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Driver cognizance is best defense for distracted drivers
Towing community says goodbye to agent who was killed
Optional brake system is designed for demanding brake usage
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American Towman Magazine Presents the Week in Towing December 11 - December 17, 2019

Social Media Posting

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By Brian J. Riker

As social media is here to stay, I have noticed an upward trend in questionable posts on pages, posts that can result in unintended legal trouble. As towers we love what we do and like to show off our creative abilities; it is the nature of the personality types attracted to this industry.

No matter how private or secret a group is, we all must remember once information is posted it never goes away. In addition, not everyone in the group is your friend; some are there to collect evidence to be used at a later time—the most inopportune time. Even our personal pages on sites like Facebook offer no true control over how our posts will be used, or who is really viewing them. Everyone that reads this column knows by now that I promote fairness, professionalism and safety above all else. It is also no big secret that I am occasionally called upon to testify as a subject-matter expert during legal proceedings. This has given me an inside view of the legal system and the lengths that attorneys and insurance investigators will go to while attempting to prove negligence.

The types of posts I am addressing here are not the blatantly obvious "off-limits" posts such as fatal accidents, repossessed vehicles with identifying information or high-profile customer vehicles in less-than-favorable situations. Most of us already know better than to post these things.

I am addressing things such as drivers bragging about how many consecutive hours they have worked without sleep, how many miles they have driven in a month or how overloaded their equipment was.

These somewhat macho or bragging posts, "I bet you can't keep up with me," expose you—and possibly your employer—to great legal liability for gross negligence, should something happen as a result of these or similar actions. Even months or years later, these posts will come back to bite you since they can be used to establish a pattern of misconduct.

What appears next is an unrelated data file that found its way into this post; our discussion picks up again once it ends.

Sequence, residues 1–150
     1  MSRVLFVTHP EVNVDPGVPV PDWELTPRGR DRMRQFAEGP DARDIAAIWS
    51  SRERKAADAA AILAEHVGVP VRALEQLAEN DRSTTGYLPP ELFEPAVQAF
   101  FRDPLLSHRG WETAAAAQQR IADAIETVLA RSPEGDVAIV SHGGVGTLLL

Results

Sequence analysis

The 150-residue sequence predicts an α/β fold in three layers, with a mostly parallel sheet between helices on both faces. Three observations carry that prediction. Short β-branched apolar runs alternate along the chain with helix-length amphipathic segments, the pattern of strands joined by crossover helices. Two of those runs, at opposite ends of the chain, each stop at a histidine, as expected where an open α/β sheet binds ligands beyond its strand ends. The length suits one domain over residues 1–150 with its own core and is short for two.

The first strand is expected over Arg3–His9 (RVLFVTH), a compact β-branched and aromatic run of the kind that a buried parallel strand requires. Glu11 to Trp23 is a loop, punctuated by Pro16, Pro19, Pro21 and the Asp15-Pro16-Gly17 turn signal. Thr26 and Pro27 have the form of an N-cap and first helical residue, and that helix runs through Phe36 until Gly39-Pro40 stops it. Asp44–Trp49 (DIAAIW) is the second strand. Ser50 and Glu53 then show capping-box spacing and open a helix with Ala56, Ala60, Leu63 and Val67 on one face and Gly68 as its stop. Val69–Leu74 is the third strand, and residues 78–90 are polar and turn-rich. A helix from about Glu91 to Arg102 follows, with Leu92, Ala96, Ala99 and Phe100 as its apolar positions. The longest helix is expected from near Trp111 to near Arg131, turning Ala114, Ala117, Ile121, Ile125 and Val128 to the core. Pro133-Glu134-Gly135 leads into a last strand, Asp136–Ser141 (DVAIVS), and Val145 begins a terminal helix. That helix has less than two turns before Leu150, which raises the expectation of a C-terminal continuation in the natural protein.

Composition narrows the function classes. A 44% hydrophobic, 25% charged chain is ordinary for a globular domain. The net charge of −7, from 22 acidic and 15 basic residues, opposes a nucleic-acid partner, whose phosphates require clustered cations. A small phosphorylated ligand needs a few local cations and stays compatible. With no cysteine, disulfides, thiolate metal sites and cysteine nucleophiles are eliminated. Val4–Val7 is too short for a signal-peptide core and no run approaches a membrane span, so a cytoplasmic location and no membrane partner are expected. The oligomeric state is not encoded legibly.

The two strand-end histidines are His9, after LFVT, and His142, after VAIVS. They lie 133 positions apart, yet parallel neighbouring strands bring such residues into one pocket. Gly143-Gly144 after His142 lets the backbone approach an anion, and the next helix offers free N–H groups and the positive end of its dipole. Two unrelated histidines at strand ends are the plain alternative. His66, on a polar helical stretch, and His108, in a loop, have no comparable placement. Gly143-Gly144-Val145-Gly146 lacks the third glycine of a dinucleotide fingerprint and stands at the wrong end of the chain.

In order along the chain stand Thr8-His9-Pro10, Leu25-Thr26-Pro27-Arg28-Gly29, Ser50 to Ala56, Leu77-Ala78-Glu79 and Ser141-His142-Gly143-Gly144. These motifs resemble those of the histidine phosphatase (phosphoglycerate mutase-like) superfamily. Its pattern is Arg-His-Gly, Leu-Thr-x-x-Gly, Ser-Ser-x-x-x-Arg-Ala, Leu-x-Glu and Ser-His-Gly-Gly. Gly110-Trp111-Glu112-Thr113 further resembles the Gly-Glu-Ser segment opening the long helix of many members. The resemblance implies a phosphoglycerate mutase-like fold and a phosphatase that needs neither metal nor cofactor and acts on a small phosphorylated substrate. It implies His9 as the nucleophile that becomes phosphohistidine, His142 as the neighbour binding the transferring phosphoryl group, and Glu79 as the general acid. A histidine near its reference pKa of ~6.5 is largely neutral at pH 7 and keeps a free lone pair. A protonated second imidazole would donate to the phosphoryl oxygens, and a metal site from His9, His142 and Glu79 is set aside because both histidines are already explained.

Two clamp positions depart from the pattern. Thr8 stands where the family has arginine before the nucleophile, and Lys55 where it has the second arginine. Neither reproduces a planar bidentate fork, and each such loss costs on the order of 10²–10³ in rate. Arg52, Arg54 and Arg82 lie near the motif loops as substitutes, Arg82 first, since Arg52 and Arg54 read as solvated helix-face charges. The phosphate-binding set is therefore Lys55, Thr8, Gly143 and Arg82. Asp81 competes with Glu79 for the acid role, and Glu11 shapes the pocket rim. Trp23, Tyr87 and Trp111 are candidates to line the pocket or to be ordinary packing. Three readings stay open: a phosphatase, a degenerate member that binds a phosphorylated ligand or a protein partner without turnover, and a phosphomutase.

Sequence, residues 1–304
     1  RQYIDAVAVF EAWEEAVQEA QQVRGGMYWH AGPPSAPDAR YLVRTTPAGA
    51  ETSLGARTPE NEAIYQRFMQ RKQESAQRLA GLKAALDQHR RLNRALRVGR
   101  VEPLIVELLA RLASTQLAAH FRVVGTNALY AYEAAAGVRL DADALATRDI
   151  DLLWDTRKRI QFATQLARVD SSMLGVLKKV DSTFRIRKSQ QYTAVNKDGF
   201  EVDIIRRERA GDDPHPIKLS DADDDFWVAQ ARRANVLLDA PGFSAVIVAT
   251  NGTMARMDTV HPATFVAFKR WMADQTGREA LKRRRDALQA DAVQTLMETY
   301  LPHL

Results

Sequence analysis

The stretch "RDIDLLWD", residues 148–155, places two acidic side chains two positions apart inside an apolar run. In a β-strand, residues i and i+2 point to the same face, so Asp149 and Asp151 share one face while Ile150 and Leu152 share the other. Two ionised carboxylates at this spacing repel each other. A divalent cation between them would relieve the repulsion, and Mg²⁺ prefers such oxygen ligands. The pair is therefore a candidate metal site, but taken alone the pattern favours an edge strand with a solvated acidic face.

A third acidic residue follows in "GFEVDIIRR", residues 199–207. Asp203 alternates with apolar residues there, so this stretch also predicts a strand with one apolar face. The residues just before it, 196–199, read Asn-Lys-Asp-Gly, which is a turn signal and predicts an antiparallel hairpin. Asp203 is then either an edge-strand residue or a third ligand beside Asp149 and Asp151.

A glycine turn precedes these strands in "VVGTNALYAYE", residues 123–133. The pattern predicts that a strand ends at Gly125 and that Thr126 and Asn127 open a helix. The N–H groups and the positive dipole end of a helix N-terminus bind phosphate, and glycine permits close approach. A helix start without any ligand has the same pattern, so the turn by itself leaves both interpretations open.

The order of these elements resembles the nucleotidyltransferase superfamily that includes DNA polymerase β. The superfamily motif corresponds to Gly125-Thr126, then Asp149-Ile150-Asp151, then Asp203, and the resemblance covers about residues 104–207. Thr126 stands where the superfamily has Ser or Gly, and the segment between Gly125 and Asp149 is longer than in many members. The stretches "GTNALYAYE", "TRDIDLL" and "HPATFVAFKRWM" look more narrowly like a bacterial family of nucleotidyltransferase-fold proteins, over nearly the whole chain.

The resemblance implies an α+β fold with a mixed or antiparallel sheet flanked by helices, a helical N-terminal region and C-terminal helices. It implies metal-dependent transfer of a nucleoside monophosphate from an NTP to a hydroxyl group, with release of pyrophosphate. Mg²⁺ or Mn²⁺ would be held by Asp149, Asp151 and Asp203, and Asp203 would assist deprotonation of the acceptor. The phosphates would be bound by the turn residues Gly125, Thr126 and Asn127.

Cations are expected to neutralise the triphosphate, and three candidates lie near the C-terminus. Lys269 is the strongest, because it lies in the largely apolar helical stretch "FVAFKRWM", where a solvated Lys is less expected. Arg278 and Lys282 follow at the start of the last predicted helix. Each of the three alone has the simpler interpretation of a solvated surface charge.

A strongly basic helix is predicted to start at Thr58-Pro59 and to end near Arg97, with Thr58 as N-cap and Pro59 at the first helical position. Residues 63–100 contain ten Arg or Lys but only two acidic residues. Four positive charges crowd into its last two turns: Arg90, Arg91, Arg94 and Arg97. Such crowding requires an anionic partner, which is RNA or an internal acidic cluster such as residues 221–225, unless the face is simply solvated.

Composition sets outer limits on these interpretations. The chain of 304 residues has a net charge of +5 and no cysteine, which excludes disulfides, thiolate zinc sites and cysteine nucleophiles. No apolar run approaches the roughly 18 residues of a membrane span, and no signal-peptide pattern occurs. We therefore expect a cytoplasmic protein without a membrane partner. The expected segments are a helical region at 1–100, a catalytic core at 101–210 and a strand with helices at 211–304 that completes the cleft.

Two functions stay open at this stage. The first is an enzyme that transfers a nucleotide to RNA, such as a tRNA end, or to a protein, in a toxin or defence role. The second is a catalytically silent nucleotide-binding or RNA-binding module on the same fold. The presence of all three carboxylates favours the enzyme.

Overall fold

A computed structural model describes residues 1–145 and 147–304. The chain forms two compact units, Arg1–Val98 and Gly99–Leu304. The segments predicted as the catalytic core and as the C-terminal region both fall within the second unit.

Just because a piece of equipment didn't fail at the exact moment you overloaded it, or you got away with exceeding legal axle weights this time, doesn't mean the equipment wasn't stressed and fatigued. When you later have a failure well within working load limits and someone gets hurt, you can bet your arse their lawyers will dig up the post of you or your employees abusing your equipment to establish negligence.

The same applies to posting about crazy driving schedules, ones that are in no way possible legal. Not only does the FMCSA have up to six months to find and cite hours of service violations, but personal injury lawyers routinely dig up this information to use against you. They will use your postings to establish a pattern of ignoring laws and safety regulations, which greatly increases your share of liability—even when the other person truly was at fault.

Employers and general contractors please note: the sub-contractor relationship does not relieve you of this liability either. This is why many motor clubs and other call providers require special background checks and routinely audit your operations. They are actively managing their exposure to risk.

Employers take note: you must do the same to protect your own interests. If you don't, you won't be able to defend against these claims; nor will you be able to continue to provide for your loyal employees.

There are two legal concepts that place ultimate responsibility on the general contractor, or in transportation the shipper and broker jointly (motor clubs/dispatch services/auctions). They are negligent hiring and multi-employer liability.

Simply put, you are responsible for the contractors that you hire. You have a duty to ensure they are safe and professional. Having your sub-contractors or their employees posting crazy actions to Internet forums and other social media sites will lead back to you when something happens.

Bottom line, the Internet is not private—even in private or secret groups. Screen shots are easy to capture and share, often with the wrong people. Think twice before you make that "macho" post; it may cost you much more than you gain in "likes."

Brian J. Riker is a third generation towman and President of Fleet Compliance Solutions, LLC. He specializes in helping non-traditional fleets such as towing, repossession, and construction companies navigate the complex world of Federal and State transportation regulatory compliance. With 25 years of experience in the ditch as a tow operator Brian truly understands the unique needs and challenges faced by towing companies today. He can be reached at
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RECOVERY ROUNDUP: +100 MPH Mangled Porsche Lodged in Building in Jersey: Accurate Towing Service to the Rescue

--Charles Duke
By Don Lomax
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After a long day, what’s your favorite way to wind down?
Throw back a couple of “shots”
Watch TV, music, do social media, read
I never get to “wind down”
Video games
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December 11 - December 17, 2019
Family and co-workers are mourning the loss of Zach Johnson, 24, who was killed on the job early Monday. Image-

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The North Texas towing community turned out in full force the evening of Dec. 8 to remember Zach Johnson of Texas Auto Towing Service who was killed on the job on Dec. 2. Image -
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